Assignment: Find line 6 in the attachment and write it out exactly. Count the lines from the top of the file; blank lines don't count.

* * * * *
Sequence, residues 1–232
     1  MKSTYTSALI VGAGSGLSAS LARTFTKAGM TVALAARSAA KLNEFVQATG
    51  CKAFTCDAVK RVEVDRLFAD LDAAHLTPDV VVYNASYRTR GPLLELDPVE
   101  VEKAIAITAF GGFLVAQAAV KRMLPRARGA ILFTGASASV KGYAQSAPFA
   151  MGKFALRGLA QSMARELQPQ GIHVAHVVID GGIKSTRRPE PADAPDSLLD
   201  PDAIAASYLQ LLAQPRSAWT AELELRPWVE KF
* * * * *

   201  PDAIAASYLQ LLAQPRSAWT AELELRPWVE KF